A new research letter in Stroke outlines use of the novel National Institutes of Health (NIH) ‘All of Us’ research programme dataset of diverse participant data to identify factors that increase the risk of carotid artery stenosis and those who undergo revascularisation. The study, authored by Daniela Renedo (Yale School of Medicine, New Haven, USA) and colleagues, includes electronic health record data from over 200,000 US patients.
“It is increasingly recognised that underrepresented groups defined by factors other than race and ethnicity also carry a disproportionate burden of cardiovascular disease,” the authors begin. In order to test the hypothesis that the burden of carotid artery stenosis and the proportion of persons who undergo carotid revascularisation differ in broadly defined underrepresented groups, the researchers utilised data collected via the ‘All of Us’ research programme.
According to the NIH website, the ‘All of Us’ research programme is inviting one million from across the USA “to help build one of the most diverse health databases in history,” welcoming participants from all backgrounds. “Researchers will use the data to learn how our biology, lifestyle, and environment affect health,” with the ultimate aim of finding ways to treat and prevent disease, the website adds.
The team performed a cross-sectional study including ‘All of Us’ participants with available electronic health records data, considering underrepresented groups defined by factors other than race and ethnicity, including education (less than high school degree); income (less than $35,000); and gender identity/sexual orientation.
Of the 203,813 patients included in the study, the average age was 51.5 years and the majority (61%) were female. The authors relay that the prevalence of carotid artery stenting was 2.7% (n=5,420) and the proportion of patients who underwent carotid revascularisation was 7.3% (n=395).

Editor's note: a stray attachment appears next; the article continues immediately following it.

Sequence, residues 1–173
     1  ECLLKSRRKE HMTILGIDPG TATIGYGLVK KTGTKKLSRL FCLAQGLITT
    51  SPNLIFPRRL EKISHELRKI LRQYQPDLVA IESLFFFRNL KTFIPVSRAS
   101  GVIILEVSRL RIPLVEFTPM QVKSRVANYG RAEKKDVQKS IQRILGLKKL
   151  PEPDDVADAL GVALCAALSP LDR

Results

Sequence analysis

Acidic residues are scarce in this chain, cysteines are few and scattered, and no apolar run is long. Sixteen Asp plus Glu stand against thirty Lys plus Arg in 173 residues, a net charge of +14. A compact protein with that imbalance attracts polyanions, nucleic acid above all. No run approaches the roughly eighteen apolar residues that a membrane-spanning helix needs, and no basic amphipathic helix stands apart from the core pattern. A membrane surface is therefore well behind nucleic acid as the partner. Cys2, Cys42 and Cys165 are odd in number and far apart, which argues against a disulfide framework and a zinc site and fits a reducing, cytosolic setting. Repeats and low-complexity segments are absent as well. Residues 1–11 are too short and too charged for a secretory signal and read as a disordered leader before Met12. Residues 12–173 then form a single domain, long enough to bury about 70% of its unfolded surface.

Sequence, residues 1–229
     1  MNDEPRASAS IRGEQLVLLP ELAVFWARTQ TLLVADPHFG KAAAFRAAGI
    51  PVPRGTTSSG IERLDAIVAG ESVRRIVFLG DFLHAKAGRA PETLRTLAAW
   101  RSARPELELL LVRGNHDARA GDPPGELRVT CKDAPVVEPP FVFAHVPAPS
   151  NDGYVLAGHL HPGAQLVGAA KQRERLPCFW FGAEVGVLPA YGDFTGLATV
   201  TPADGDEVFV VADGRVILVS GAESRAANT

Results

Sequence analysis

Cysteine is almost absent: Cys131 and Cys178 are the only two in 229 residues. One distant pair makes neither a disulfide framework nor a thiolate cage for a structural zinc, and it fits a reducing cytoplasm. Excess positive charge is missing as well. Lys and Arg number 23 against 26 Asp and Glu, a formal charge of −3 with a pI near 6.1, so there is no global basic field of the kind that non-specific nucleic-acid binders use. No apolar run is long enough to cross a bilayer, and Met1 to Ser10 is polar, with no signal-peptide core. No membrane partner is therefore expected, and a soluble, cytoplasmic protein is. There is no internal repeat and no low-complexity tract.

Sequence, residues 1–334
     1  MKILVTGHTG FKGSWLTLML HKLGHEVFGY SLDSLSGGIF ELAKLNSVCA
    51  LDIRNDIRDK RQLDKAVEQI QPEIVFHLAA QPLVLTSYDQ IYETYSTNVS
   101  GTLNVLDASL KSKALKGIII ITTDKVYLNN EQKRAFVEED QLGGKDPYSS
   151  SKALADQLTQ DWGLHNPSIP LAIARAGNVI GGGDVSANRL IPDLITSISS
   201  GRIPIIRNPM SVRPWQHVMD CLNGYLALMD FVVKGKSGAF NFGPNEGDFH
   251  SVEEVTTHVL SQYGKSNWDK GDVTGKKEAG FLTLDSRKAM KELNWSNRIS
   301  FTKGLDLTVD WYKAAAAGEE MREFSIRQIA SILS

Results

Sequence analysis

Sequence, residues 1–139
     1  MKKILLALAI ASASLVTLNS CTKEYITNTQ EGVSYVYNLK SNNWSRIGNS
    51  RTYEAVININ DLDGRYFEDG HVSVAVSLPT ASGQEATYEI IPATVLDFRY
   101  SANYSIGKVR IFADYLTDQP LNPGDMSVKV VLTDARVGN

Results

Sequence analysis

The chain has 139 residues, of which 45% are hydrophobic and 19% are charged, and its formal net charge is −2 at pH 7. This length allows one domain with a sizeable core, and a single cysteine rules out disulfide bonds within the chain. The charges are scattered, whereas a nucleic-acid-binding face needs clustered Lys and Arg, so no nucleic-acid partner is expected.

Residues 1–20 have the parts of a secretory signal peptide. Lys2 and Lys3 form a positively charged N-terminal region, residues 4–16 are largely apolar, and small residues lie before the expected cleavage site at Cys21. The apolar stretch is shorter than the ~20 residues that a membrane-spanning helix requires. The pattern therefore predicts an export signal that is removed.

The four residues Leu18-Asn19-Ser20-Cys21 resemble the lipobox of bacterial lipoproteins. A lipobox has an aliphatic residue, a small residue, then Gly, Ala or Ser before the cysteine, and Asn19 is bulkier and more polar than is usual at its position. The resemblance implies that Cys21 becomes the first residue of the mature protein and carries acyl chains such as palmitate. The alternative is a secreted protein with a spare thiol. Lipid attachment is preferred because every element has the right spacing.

Writing in Stroke, Renedo et al report a key finding that persons with income of less than $US35,000 were more likely to have both carotid artery stenosis and undergo revascularisation, detailing that income of less than $US35,000 was associated with higher odds of carotid artery stenosis (odds ratio [OR], 1.15 [95% confidence interval (CI), 1.07–1.24; p=0.001] and carotid revascularisation (OR, 1.38 [95% CI, 1.04 – 1.83]; p=0.024).
The investigators also found that, when evaluating underrepresented groups defined by race and ethnicity, Black (OR, 0.87 [95% CI, 0.78–0.96], p=0.006) and Hispanic participants (OR, 0.83 [95% CI, 0.73–0.94] had a lower prevalence of carotid artery stenosis, which they note is consistent with prior reports.
Moreover, the authors communicate that Black participants with carotid artery stenosis (OR, 0.41 [95% CI, 0.24–0.68]; p=0.001) had lower estimates of carotid revascularisation. They remark that this could be explained by lower rates of high-grade stenosis, but stress that other factors should be explored further, including the potential presence of care access bias.
Renedo and colleagues acknowledge that their study may be subject to volunteer bias, leading to an increased number of healthy people enrolled. In addition, they note that not all participants chose to share their electronic health records.
“These results highlight the need to extend cerebrovascular health disparities research beyond groups defined by race/ethnicity,” the researchers conclude, adding that this goal will be “significantly facilitated” by the newly established ‘All of Us’ research programme.
Speaking to Vascular News, Renedo conveys the key takeaway message from the study, that more attention should be given to the present healthcare disparities in this condition. “Clinicians should be aware of these disparities, and offer patient-centred recommendations to prevent, mitigate and manage carotid artery stenosis across diverse populations,” she elaborates.
The first author advises that, in the near future, the ‘All of Us’ research programme will provide access to genetic data from the participants. Renedo is part of a lab team at Yale headed by Guido J Falcone that is focused on genetic epidemiology, and therefore the team will use the data from this study “to better understand the interaction between social determinants of health and biological factors that ultimately lead to carotid stenosis and its consequences.”
Renedo acknowledges the contributions of all members of the study group, namely Charles C Matouk, who jointly supervised the work with Falcone, as well as Julián N Acosta, Nanthiya Sujijantarat, Joseph P Antonios, Andrew B Koo and Kevin N Sheth.